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dc.contributor.authorPeter D. Burbeloen_US
dc.contributor.authorJason Kelleren_US
dc.contributor.authorJason Wagneren_US
dc.contributor.authorJames S. Klimaviczen_US
dc.contributor.authorAhmad Bayaten_US
dc.contributor.authorCraig S. Rhodesen_US
dc.contributor.authorBassirou Diarraen_US
dc.contributor.authorPloenchan Chetchotisakden_US
dc.contributor.authorYupin Suputtamongkolen_US
dc.contributor.authorSasisopin Kiertiburanakulen_US
dc.contributor.authorSteven M. Hollanden_US
dc.contributor.authorSarah K. Browneen_US
dc.contributor.authorSophia Siddiquien_US
dc.contributor.authorJoseph A. Kovacsen_US
dc.contributor.otherNational Institute of Dental and Craniofacial Researchen_US
dc.contributor.otherUniversity of Sciencesen_US
dc.contributor.otherKhon Kaen Universityen_US
dc.contributor.otherMahidol Universityen_US
dc.contributor.otherNational Institute of Allergy and Infectious Diseasesen_US
dc.contributor.otherNIH Clinical Centeren_US
dc.identifier.citationBMC Microbiology. Vol.15, No.1 (2015)en_US
dc.description.abstract© 2015 Burbelo et al. Background: There is an urgent need for a simple and accurate test for the diagnosis of human Mycobacterium tuberculosis, the infectious agent causing tuberculosis (TB). Here we describe a serological test based on light emitting recombinant proteins for the diagnosis of pulmonary Mycobacterium tuberculosis infection. Methods: Luciferase Immunoprecipitation Systems (LIPS), a fluid-phase immunoassay, was used to examine antibody responses against a panel of 24 different M. tuberculosis proteins. Three different strategies were used for generating the constructs expressing the recombinant fusion M. tuberculosis proteins with luciferase: synthetic gene synthesis, Gateway recombination cloning, and custom PCR synthesis. A pilot cohort of African pulmonary TB patients was used for initial antibody screening and confirmatory studies with selected antigens were performed with a cohort from Thailand and healthy US blood donors. In addition to testing M. tuberculosis antigens separately, a mixture that tested seven antigens simultaneously was evaluated for diagnostic performance. Results: LIPS testing of a pilot set of serum samples from African pulmonary TB patients identified a potential subset of diagnostically useful M. tuberculosis antigens. Evaluation of a second independent cohort from Thailand validated highly significant antibody responses against seven antigens (PstS1, Rv0831c, FbpA, EspB, bfrB, HspX and ssb), which often showed robust antibody levels up to 50- to 1000-fold higher than local community controls. Marked heterogeneity of antibody responses was observed in the patients and the combined results demonstrated 73.5 % sensitivity and 100 % specificity for detection of pulmonary TB. A LIPS test simultaneously employing the seven M. tuberculosis antigen as a mixture matched the combined diagnostic performance of the separate tests, but showed an even higher diagnostic sensitivity (90 %) when a cut-off based on healthy US blood donors was used. Conclusion: A LIPS immunoassay employing multiple M. tuberculosis antigens shows promise for the rapid and quantitative serological detection of pulmonary TB.en_US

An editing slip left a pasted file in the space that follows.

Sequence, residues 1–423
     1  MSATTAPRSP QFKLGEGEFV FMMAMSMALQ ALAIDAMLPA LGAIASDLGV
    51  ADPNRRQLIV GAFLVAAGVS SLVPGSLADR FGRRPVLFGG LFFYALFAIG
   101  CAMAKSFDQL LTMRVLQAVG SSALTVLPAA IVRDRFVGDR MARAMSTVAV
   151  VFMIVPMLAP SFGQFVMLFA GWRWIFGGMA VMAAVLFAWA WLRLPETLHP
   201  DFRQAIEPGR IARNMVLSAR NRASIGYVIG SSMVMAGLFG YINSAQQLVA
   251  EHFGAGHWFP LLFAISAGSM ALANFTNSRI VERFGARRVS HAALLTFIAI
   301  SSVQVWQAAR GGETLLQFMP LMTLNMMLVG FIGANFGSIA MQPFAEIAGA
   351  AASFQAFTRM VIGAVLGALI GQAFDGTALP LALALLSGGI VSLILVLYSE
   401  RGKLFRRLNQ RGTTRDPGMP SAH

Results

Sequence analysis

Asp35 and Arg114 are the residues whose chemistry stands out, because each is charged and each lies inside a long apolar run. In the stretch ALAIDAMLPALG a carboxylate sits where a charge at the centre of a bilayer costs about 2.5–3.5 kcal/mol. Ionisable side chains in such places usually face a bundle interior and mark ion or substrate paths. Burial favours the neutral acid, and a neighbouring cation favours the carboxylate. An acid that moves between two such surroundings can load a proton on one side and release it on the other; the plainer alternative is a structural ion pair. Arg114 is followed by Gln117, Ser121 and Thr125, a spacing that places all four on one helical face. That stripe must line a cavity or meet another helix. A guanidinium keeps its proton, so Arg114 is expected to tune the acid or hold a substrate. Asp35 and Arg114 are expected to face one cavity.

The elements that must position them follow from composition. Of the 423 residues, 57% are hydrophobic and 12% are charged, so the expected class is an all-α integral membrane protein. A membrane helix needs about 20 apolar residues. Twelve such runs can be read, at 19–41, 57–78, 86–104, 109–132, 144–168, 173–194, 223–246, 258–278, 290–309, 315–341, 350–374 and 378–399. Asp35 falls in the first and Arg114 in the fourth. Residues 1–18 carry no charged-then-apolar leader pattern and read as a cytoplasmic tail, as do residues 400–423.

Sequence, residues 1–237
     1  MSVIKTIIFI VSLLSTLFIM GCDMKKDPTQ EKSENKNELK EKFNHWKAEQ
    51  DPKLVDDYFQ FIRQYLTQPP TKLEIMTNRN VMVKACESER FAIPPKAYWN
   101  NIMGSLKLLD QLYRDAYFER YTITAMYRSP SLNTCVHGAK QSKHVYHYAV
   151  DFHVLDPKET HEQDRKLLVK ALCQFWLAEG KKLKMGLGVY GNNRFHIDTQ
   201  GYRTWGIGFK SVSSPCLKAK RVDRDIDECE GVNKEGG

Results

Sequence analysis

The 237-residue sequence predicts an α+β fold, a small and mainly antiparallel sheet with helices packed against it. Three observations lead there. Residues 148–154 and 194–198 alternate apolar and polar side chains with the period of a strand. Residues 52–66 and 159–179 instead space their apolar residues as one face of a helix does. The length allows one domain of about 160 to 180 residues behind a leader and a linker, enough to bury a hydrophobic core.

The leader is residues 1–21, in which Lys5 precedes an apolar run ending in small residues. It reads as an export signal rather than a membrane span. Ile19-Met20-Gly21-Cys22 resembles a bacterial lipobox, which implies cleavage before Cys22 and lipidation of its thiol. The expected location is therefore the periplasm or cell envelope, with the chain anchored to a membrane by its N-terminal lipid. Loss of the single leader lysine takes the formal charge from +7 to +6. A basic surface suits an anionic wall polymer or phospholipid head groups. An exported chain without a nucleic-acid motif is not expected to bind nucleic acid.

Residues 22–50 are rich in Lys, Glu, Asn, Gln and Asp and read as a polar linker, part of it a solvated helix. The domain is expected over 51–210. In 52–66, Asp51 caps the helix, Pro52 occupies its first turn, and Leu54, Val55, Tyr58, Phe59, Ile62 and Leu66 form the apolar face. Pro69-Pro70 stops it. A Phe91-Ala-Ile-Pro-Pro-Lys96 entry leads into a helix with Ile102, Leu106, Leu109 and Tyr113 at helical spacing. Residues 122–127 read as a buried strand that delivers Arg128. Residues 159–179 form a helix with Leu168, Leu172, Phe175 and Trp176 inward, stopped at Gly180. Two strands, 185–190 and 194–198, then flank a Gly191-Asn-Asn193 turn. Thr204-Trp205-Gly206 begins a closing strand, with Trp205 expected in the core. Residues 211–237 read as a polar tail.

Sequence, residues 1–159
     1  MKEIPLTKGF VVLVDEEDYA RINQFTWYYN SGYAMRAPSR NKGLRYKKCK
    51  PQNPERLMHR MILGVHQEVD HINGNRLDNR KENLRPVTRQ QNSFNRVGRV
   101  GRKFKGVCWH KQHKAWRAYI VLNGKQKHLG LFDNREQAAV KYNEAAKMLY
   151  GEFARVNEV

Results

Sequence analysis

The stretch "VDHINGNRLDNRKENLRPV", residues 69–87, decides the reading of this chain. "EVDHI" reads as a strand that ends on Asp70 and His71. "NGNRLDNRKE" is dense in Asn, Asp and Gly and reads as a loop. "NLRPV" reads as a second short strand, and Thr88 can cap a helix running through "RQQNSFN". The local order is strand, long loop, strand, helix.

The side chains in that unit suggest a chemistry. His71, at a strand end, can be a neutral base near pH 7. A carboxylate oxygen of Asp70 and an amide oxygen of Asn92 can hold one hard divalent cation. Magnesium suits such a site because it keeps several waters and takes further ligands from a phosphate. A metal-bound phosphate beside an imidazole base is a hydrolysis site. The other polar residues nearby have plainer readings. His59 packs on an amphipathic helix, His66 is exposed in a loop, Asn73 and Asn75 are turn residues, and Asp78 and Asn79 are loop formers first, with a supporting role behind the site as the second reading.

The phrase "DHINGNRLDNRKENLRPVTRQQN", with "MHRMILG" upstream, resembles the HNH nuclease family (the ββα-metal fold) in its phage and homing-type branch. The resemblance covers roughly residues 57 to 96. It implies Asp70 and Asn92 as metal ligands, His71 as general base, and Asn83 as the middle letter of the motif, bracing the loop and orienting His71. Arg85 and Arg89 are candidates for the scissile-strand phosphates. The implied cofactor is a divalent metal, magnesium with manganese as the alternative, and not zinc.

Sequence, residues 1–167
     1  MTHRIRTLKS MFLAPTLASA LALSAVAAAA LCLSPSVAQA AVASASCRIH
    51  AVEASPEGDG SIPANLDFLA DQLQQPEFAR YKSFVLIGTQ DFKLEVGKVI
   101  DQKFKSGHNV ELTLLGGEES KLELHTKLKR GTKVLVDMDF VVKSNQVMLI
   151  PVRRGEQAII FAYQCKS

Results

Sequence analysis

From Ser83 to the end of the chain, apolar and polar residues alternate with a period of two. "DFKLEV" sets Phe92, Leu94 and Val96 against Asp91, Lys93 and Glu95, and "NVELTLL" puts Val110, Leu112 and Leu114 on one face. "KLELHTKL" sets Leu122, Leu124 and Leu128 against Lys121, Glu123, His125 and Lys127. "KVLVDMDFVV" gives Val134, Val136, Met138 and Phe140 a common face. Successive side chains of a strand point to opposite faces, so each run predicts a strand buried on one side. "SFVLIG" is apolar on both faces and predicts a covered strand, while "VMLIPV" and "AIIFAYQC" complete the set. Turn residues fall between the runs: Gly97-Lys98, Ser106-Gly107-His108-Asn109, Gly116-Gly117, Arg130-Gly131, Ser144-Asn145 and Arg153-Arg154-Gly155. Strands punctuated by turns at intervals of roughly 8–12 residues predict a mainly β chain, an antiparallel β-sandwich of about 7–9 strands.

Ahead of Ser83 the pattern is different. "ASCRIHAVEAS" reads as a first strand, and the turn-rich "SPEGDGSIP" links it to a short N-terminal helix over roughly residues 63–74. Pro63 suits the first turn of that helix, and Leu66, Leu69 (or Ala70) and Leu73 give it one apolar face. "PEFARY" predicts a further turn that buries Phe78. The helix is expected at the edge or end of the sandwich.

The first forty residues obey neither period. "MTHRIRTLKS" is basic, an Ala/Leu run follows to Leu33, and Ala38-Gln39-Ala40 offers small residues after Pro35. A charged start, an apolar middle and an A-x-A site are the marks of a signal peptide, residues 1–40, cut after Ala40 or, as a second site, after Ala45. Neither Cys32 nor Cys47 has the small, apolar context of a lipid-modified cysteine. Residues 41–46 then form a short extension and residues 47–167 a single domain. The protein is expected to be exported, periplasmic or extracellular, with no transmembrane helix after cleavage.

dc.rightsMahidol Universityen_US
dc.subjectImmunology and Microbiologyen_US
dc.titleSerological diagnosis of pulmonary Mycobacterium tuberculosis infection by LIPS using a multiple antigen mixtureen_US
Appears in Collections:Scopus 2011-2015

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